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CJ 100 Introduction to Criminal Justice Administration
Gee, Thomas E.


Mission Statement: The mission of Park University, an entrepreneurial institution of learning, is to provide access to academic excellence, which will prepare learners to think critically, communicate effectively and engage in lifelong learning while serving a global community.

Vision Statement: Park University will be a renowned international leader in providing innovative educational opportunities for learners within the global society.
CourseCJ 100 Introduction to Criminal Justice Administration PV
SemesterU1J2005
FacultyGee, Thomas E.
TitleSenior Instructor of Criminal Justice/Adjunct Faculty
Degrees/CertificatesMasters of Public Affairs
BS in Criminal Justice Administration
Daytime Phone816-889-6051
E-Mailthomas.gee@park.edu
tgee7@kc.rr.com
Semester Dates6/6/2005 to 7/31/2005
Class Days--T----
Class Time5:30 - 9:50 PM
Credit Hours3

Textbook:
Criminal Justice Today, Eight Edition (2005), Frank Schmalleger, Prentice Hall, 0131844938

Textbooks can be purchased though the MBS bookstore

Additional Resources:
Helpful resource links:

http://cjtoday.com
http://cybrary.info
http://ncjrs.org

Course Description:
An introduction to the history, nature, structure, and function of the criminal justice system in America, with comparisons to systems in other nations.  An examination of the various aspects of the administration of justice systems, including law enforcement, courts, correctional agencies (including probation and parole), including the increasing role of private entities in the system.  3:0:3

Educational Philosophy:
The facilitator's educational philosophy is one of interactiveness based on lectures, readings, quizzes, dialogues, examinations, internet, videos, web sites and writings. The facilitator will engage each learner in what is referred to as disputatious learning to encourage the lively exploration of ideas, issues and contradictions.

Learning Outcomes:
Students excelling in this class will:
1. Develop a basic vocabulary of criminal justice so they may better communicate knowledge of the subject
2. Attain a basic understanding of the American criminal justice system, its history, nature, and structure (including law enforcement, courts, and corrections) and how it functions
3. Discuss some aspect of a current issue in international criminal justice
4. Examine the increasing role of private entities in the American criminal justice system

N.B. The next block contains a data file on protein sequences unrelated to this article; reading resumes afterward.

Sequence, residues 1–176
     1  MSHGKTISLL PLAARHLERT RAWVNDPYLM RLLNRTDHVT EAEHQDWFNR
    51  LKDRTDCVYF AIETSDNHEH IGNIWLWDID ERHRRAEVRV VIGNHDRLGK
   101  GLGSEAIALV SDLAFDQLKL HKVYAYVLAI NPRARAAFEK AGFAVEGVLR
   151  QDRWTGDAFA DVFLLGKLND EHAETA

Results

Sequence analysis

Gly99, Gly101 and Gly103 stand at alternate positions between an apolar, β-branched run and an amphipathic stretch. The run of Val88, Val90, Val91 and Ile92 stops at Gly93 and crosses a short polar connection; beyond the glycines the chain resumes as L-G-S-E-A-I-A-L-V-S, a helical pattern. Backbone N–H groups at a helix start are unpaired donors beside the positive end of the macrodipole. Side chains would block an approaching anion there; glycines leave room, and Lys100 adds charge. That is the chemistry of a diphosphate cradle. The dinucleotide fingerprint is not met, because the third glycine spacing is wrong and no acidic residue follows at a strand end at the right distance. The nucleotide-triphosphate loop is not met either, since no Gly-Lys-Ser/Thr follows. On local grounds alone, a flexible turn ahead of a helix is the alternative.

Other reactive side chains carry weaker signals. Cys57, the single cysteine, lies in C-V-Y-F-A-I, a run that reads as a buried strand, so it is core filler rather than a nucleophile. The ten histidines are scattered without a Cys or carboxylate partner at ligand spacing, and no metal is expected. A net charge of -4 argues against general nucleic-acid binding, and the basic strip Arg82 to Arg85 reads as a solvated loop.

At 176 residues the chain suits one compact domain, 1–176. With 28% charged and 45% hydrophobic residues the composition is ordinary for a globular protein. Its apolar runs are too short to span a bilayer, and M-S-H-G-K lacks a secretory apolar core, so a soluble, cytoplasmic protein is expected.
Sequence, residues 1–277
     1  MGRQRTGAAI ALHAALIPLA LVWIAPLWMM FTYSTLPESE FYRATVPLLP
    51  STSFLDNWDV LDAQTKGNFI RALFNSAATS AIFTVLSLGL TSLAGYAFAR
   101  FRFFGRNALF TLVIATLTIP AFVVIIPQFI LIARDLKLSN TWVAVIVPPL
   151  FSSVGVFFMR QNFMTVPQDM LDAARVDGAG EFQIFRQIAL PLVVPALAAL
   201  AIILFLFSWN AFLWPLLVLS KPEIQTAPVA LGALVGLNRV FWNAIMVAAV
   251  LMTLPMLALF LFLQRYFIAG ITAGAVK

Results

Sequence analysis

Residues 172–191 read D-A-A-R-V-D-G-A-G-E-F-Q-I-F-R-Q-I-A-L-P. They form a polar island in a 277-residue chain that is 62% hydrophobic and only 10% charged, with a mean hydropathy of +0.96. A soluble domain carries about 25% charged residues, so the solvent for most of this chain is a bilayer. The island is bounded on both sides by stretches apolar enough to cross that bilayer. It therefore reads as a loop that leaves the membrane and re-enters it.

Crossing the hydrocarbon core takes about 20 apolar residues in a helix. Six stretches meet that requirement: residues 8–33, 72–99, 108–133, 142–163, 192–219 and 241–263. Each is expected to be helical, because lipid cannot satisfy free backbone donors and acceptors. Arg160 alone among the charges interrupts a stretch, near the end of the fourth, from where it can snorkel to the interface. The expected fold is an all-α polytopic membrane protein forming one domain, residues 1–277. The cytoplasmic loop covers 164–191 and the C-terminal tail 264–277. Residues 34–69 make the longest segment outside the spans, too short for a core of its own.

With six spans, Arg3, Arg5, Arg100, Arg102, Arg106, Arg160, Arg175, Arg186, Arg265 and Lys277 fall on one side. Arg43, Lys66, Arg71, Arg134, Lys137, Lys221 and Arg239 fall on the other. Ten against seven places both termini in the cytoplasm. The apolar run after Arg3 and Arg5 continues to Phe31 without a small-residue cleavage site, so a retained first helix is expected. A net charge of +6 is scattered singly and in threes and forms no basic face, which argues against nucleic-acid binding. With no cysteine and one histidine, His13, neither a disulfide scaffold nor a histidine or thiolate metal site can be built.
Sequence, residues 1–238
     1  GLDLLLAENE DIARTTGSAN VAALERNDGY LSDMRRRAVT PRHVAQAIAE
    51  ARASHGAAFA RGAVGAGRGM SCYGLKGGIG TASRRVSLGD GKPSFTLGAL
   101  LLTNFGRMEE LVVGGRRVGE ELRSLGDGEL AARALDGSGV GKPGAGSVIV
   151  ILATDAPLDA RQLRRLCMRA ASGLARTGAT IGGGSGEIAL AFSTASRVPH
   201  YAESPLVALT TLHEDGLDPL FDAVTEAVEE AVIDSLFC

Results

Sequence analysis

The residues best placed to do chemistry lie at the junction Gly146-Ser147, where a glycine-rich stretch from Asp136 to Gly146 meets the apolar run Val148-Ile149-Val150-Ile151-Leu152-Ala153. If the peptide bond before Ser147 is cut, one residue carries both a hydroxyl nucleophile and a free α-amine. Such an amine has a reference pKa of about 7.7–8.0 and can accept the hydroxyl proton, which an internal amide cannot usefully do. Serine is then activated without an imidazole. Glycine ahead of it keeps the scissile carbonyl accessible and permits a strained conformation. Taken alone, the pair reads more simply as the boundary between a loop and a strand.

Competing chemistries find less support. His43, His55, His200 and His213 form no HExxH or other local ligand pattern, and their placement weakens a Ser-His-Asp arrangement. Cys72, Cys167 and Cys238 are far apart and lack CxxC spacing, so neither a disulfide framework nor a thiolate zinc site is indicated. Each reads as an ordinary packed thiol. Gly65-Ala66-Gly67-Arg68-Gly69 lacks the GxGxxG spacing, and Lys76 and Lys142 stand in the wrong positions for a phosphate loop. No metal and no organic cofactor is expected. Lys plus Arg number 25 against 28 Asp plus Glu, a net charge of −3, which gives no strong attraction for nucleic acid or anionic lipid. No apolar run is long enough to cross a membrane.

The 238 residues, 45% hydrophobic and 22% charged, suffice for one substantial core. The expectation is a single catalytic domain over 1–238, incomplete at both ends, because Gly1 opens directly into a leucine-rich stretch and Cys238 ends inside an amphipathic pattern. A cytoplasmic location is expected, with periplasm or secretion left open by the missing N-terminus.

5. Develop an understanding of how special issues of juvenile justice and drug use affects the criminal justice system
6. Examine the effect of technology and terrorism on the future of the criminal justice system
7. Express an appreciation for the diversity of value systems and their interconnections with their cultures
8. Compare the American criminal justice system with systems in other nations

Upon completion of this class, students will demonstrate:

1. An ability to apply the material learned to factual situations
2. Improved skills in gathering and evaluating information effectively
3. Improved written and oral communication skills through interaction with other students in a structured, but flexible environment
4. An ability to use tools for gathering, retrieving, evaluating, and   communicating information about criminal justice

Course Assessment:
Examinations, quizzes, presentations, projects, papers, etc.

Grading:
Assignments/Class Points

Analysis/Research Paper 50 pts.     21%
Mid-term examination        50 pts.     21%
Comprehensive Final examination       100 pts.    42%
Class participation (5pts/class) 40 pts.    16%
       Total  240 pts.

Grading Scale
A = 90 to 100%     (216 to 240 pts.)
B = 80 to 89%      (192 to 215 pts.)
C = 70 to 79%      (168 to 191 pts.)
D = 60 to 69%      (144 to 167 pts.)
F = less than 60%  (143 pts or less)

Late Submission of Course Materials:
Assignments should be turned in on or before the day on which they are due.  Certain work may be made up in cases of legitimate absence.  The instructor must be notified (e-mail or phone)prior to the absence for the absence to be considered excused.  Five points will be deducted for papers submitted late.  Missed examinations must be made up prior to the next scheduled class period, unless arrangements are made with the instructor.

Classroom Rules of Conduct:
It is expected that members of the class will treat each other with respect and dignity.  There will be many different views and opinions and no one should be chastised or ridiculed for their contribution to the class.  Students should come to class properly prepared to discuss the scheduled lesson.